Britain’s daily Covid cases have fallen for the sixth day in a row and deaths have also dropped, according to official figures which boost hopes the third wave has peaked weeks earlier than expected.
The Department of Health recorded another 24,950 infections across the UK over the past 24 hours, down more than a third (38 per cent) on last Monday and the lowest number in three weeks.
There were 14 deaths today, down nearly a quarter on the 19 recorded last Monday, and the lowest number since July 12. The last time fatalities dipped was on July 18, when they fell only slightly by 3.8 per cent.
Today’s cases drag the seven-day average down to 36,125 from a third wave peak of 47,696 last Wednesday, a drop of 24 per cent in the last six days.
The Government and its scientific advisers had been expecting cases to rocket to at least 100,000 every day this autumn, with top SAGE member ‘Professor Lockdown’ Neil Ferguson claiming they could even top 200,000.
But daily infections now appear to be falling or levelling off in every region of England. The North East, a hotspot for the Indian ‘Delta’ variant, was the first to see its outbreak peak on July 14, according to the data.
Boris Johnson’s official spokesman stressed today that the country was ‘not out of the woods yet’ and needed to be braced for a possible surge in cases as a result of the final unlocking last week.
They said: ‘Obviously any reduction in cases is encouraging but the Prime Minister has stressed many times before that the pandemic is not over and we are not out of the woods yet.
‘We have said last week when we moved to step four that allowing large numbers of people to meet in indoor settings would have an impact on case numbers and it remains the case that we won’t have seen the impact of step four yet in terms of case numbers. We will continue to keep all the stats under review.’
The effects of July 19’s Freedom Day on transmission won’t be felt until later this week due to the lag between someone catching and testing positive for the virus.
It’s unclear exactly what is driving the decline in cases across England. Scientists believe a five per cent weekly fall in tests being carried out could be ‘partly’ behind the drop.
Other experts say it is likely to be a combination of factors, including the heatwave driving people outdoors as well as the virus running out of people to infect due to increasing immunity from the vaccine rollout and recent spike in infections.
Britain dished out another 25,759 first doses yesterday, taking the total administered to 46.5million — or 88 per cent of adults. A further 126,725 second jabs were also given out, taking the total number of people double-vaccinated to 37.1million — or 70 per cent of adults.
As well as national case rates coming down, the latest regional data from the Government’s coronavirus dashboard appears to show a decline or levelling off in every corner of England. Scientists still don’t know what has caused the sharp fall, but suspect it may be several contributing factors
SAGE modeller Dr Mike Tildesley said the fall in cases may be partly the result of a dip in testing. Figures show there were 6.8m carried out in the week up to July 22, down by 350,000 on the previous week (4.9 per cent)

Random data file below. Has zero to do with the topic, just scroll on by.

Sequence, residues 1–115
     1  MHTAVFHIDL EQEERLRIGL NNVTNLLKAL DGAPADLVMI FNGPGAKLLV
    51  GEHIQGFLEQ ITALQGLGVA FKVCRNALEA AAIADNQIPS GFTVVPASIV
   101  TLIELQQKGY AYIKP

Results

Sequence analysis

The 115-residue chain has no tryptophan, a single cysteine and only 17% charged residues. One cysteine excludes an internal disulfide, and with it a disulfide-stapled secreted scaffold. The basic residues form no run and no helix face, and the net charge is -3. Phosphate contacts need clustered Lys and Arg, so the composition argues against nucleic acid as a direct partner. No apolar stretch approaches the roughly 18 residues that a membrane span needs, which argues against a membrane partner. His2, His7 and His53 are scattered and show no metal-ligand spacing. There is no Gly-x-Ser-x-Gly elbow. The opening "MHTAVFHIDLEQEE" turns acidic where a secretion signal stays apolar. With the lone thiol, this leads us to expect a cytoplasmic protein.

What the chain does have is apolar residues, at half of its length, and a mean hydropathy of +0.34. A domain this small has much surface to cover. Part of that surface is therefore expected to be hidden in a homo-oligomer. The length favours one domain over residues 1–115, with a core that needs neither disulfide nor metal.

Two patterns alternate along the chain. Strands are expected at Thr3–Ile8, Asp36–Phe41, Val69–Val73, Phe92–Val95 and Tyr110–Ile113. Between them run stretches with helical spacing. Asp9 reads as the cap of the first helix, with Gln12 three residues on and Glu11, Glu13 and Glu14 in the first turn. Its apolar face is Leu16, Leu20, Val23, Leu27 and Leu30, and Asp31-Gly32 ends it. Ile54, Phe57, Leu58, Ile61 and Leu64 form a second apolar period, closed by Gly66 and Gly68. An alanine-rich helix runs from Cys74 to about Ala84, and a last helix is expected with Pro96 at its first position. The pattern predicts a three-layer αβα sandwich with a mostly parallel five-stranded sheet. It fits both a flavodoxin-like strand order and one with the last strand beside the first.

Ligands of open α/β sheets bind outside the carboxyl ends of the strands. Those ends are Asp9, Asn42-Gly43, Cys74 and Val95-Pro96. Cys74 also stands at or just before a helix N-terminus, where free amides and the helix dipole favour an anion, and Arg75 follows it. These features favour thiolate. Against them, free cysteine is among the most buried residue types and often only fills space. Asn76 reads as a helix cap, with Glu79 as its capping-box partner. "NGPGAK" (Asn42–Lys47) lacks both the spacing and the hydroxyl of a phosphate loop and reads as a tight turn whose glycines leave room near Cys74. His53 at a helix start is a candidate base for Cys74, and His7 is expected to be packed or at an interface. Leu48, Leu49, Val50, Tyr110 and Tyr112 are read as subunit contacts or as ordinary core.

Government dashboard data shows Covid case rates were highest among young adults and school-age children. But they were much lower among the over-80s. It is not yet clear which age group is driving the fall in cases
Some scientists have said that Covid cases were dropping in mid-June. There are theories that increased mixing during the tournament fuelled a sustained rise in the country. But infections started to fall ten days after the final
Dr Mike Tildesley (left) hailed Britain’s falling cases as ‘good news’. His team at the University of Warwick estimated there could be as many as 150,000 infections every day at the peak of the third wave this autumn (shown right)
Latest data for the North East — where cases appear to have peaked first — shows there were just 2,559 positive tests on July 20, down 38 per cent on the previous week.
The region was followed by the West Midlands, which saw a 24 per cent drop in that time, and the North West and Yorkshire and the Humber (both 21 per cent).
The East Midlands recorded the fourth-biggest downturn in cases (18 per cent), followed by the South West (17 per cent), the East of England and the South East (both eight per cent), and London (four per cent).
TESTING DIPS, WARM WEATHER, RISING ANTIBODIES AND EURO 2020: THE LEADING THEORIES ON UK’S FALLING INFECTIONS
SAGE experts had predicted Britain could face more than 100,000 cases a day by August.
But the country’s Covid cases have now tumbled for six days in a row to just under 25,000 on Monday, suggesting the worst of the third wave may already be over.
But scientists are stumped as to what has sparked the downturn. Below are the leading theories.
School holidays ‘have led to fewer tests’
Some experts have suggested the school holidays may have played a role in the fall in infections.
School children were required to have a lateral flow test for the virus twice a week.
Many schools around the country shut last week for the summer break but the majority will only go off this week.
Government figures show about 1.01million swabs were carried out in Britain on July 22, the most recent date, down five per cent on 1.18million in the previous week.